Vaginal health and what it really means
Tips and tricks

Vaginal health and what it really means

Women’s Month is such an awesome time to chat about things that affect us, as women, right? I especially love all the conversations around abuse and gender equality. But hey, if we’re going to be authentic about it and tackle real issues that women face, then why don’t I see an ode to the pain of bra-wearing? (You know what I mean, Patricia) I want to talk about important things like endometriosis and the burden of having to regularly shave your legs and things like what will help me to deal with my crazy menstrual cramps. And, I mean, if we’re REALLY going to get into it, can someone please talk about vaginal health and what it really means?

That’s right, Mary. I said vagina. Let’s not be shocked about it… I mean, it IS an important part of what makes us female. And the truth is that only 43% of women are aware of vaginal infections, such as Bacterial Vaginosis (BV), because no one wants to talk about it!

It’s not taboo. It’s not embarrassing. It’s not unnecessary. Don’t believe me? Ask the 1 in 3 women who have suffered with BV… silently, because she does not want people to think that she’s dirty. Ask the girl who has contracted sexually transmitted diseases because of the risk that an untreated BV infection has opened her up to. And ask the pregnant woman who now faces the risk of pre-term birth and low birth weight, because her untreated BV developed into pelvic inflammatory disease, putting her unborn child at risk.

BV is not that rare and vaginal infections do not mean that you are dirty, sexually promiscuous or overreacting. My friend, Amy, shares her story:

“My first infection was when i was about 16. I had just started having sex and I first noticed a slight burning sensation in my lady bits. That soon became and unbearable itch which lead to an extremely dry lady. I went to the pharmacy and was introduced to an over the counter cream that by means of an applicator you put into your vag and within a few days it cleared up.

It’s never easy to tell your doctor even if you have a great open minded person that right now in this moment, its taking every bit your dignity to sit here and admit you have a disgusting odor happening in your southern region. I have had infections that gave off an unpleasant odor. I didn’t feel attractive or social at those moments. The best treatment is to get a one application cream.  I now don’t use bubble bath or any soap, only water.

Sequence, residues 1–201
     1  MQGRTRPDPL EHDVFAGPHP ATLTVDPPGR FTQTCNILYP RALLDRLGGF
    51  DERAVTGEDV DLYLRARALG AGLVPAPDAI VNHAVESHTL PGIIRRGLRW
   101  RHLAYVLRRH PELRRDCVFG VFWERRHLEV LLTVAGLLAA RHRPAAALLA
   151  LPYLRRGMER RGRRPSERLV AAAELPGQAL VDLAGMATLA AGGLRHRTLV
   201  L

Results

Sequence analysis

If you are suffering from a vaginal infection, don’t be ashamed. You can get infection in many ways…. from something as innocent as changing your diet, to changing your washing powder. All women can be affected by infection, seek help as soon as you feel uncomfortable.”

More about Bacterial Vaginosis

Your vagina contains large amounts of beneficial bacteria and is naturally acidic, with a typical pH level of between 3.8 and 4.52. This naturally acidic environment is protective, creating a barrier against unhealthy bacteria and preventing yeast from multiplying too quickly and causing an infection.

A vagina with a pH of over 4.5 puts a woman at risk of developing an infection, as it creates an environment that can enable unhealthy bacteria to grow. When the balance of the vaginal bacteria is altered, the inside of the vagina becomes slightly less acidic, which encourages the growth of unhealthy bacteria, causing a discharge with a “fishy” odor to occur which is often watery and greyish in colour.

The good news is that with the proper diagnosis, BV can be effectively treated. Options include gels, creams and oral treatments. The ideal treatment for this uncomfortable condition needs to be one that fits into a busy and social lifestyle – a treatment that is both effective and discreet. If you suspect that you may have Bacterial Vaginosis, speak to your doctor or pharmacist or go to for more information about this common but very treatable condition.

The post was written in collaboration with My Vaginal Gel.


  • Liscka

    Loved your real post. People do not like hearing the truth. Now let’s tackle the one thing that really stood out for me in the article – endometriosis. Its a topic very few people are clued up on and like me I am a stage 4 survivor, and I know quite a number of people who suffer from Endo and truth be told not even your nearest knows what you go through mentally, physically and emotionally.

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